How Bacteria Communication Could Change Medicine – Infections Example

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"How Bacteria Communication Could Change Medicine" is a brilliant example of a paper on infections. This talk was about bacteria, how they talk among themselves, and also communication across other bacterial species and its implication on the future of medicine. Bacteria live as social beings, for example, in communities and as such, there is a need for communication both within their species and outside. They are multicellular in that they act better in groups to achieve tasks.   Bassler argues that many bacteria use chemical language to carry out this communication and that they can distinguish themselves from each other just the same way as humans do.                       Quorum Sensing is a process through which bacteria secrete a signaling molecule called autoinducers into their environment.

This is the mode of communication between bacteria. The concentration of this signaling molecule increases with the increase in the number of bacteria in a colony. When the critical mass of bacteria and autoinducers is reached, specific behaviors are induced depending on the need. These autoinducers are species-specific but many bacteria produce a universal autoinducer called Al-2 which enables them to communicate across different bacteria species.

Al-2 was first discovered in Vibro fischeri; a bacteria with bioluminescent qualities and is found predominantly in symbiosis with various aquamarine species like the bobtail squid. The relationship between them is such that, the bacteria inhabit a special light organ in its mantle. This squid hides in the sand by day and emerges at night to hunt. On bright nights, its shadow could make it visible and vulnerable to attacks by predators. The squid is also packed with sensors on its upper surface to detect the amount of illumination in the night sky and with this information, it opens its mantle to release the light until its shadow disappears.

In the morning, the squid allows the concentration of the bacteria to be diluted and the bioluminescence dissipates. Bacteria need to count their numbers, determine whether they have reached a critical mass then act in unison to carry out processes that require many cells acting together to be effective. Quorum Sensing allows bacteria to coordinate their behaviors on a large scale and in doing so act as multicellular organisms.

This enables bacteria to carry out or behave in a manner that is beneficial only when performed as a group.                       According to Bassler (2009), understanding Quorum Sensing is important in fighting deadly strains of bacteria. As this process is not unique to bacteria, it could lead to a better understanding of the communication between cells in the human body and thus aid in early diagnosis and treatment of diseases. This could also be an important advancement in preventive medicine. The discovery of Al-2 could aid in the development of new approaches to antibiotics.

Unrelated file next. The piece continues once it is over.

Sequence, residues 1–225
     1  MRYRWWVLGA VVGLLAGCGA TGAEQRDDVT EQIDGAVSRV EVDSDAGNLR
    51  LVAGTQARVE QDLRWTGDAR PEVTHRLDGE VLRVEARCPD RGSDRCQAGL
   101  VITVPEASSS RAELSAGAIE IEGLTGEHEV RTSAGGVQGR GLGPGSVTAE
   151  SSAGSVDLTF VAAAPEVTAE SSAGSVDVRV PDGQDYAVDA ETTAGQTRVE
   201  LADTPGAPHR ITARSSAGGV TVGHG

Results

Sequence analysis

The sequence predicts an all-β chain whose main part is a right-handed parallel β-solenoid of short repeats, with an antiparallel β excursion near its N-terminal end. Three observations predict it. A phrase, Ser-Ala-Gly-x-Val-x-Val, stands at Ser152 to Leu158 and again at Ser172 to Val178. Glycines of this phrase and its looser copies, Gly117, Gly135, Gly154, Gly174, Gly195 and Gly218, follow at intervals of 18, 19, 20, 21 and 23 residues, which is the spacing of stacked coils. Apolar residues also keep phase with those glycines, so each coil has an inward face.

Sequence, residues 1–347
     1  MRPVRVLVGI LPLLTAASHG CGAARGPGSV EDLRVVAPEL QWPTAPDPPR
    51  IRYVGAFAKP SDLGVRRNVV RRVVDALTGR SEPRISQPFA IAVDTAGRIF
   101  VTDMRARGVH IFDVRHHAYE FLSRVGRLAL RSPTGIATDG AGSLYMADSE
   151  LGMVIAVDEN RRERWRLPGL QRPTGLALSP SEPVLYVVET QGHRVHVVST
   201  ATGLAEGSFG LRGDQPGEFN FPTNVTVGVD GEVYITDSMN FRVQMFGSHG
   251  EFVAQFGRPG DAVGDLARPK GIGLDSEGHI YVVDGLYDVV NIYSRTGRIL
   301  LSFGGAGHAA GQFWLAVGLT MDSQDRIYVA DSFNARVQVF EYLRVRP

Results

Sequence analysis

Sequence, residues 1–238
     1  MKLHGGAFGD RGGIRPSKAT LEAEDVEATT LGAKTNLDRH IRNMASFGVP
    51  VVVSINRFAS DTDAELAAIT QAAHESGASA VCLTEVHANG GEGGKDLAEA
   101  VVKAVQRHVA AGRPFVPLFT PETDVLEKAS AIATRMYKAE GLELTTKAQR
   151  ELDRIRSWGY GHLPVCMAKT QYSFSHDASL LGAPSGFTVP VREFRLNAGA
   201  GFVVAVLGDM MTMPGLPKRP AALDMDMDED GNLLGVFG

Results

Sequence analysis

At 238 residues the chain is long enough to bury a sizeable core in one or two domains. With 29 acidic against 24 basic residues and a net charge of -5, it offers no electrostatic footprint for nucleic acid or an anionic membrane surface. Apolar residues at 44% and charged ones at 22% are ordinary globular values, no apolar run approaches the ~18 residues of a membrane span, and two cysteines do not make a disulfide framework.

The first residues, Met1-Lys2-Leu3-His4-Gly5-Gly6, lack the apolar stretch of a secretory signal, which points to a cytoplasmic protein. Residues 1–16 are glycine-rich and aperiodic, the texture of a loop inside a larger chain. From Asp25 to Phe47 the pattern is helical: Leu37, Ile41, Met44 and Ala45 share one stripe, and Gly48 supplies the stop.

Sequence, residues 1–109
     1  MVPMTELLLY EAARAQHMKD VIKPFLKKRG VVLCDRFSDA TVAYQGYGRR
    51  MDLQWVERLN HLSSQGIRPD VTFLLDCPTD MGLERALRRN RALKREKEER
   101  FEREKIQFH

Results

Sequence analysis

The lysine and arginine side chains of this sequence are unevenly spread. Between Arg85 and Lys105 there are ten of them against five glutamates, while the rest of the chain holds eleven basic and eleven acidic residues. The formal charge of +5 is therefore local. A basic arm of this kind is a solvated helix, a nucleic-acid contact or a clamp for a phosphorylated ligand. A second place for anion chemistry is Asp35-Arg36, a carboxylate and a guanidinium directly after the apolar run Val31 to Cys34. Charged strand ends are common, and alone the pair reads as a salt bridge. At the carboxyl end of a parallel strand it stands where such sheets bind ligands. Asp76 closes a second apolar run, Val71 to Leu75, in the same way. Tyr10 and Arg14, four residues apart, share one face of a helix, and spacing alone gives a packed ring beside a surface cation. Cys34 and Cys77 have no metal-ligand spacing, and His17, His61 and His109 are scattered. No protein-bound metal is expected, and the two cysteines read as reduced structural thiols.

This could be made possible by developing a therapy that could act by blocking the communication between bacteria. Such a drug would not kill these bacteria directly but disrupt their activity and prevent them from releasing their toxins and thus prevent the development of resistance as has been the issue with many antibiotics. For example, the cell to cell signaling in Pseudomonas aeruginosa (which causes up to approximately 10% of hospital-acquired infections in burns patients, cystic fibrosis, and other patients with impaired immunity) could be reduced or blocked leading to far fewer fatalities.                       The researchers are relatively young and mostly in their 20s and 30s.

These are delightful individuals and easy to work with and mold. This generation is innovative and curiosity-driven hence good for scientific discovery. They are open-minded and especially open for new ideas, unlike the older generation which could be rigid and with their minds set on particular ideas.   She uses young researchers who are likely fresh out of college and possess new ideas and know-how in research.


Bassler, B. L., & Ted Conference LLC. (2009). Bonnie Bassler: How bacteria "talk". New York, NY: TED Conferences, LLC.
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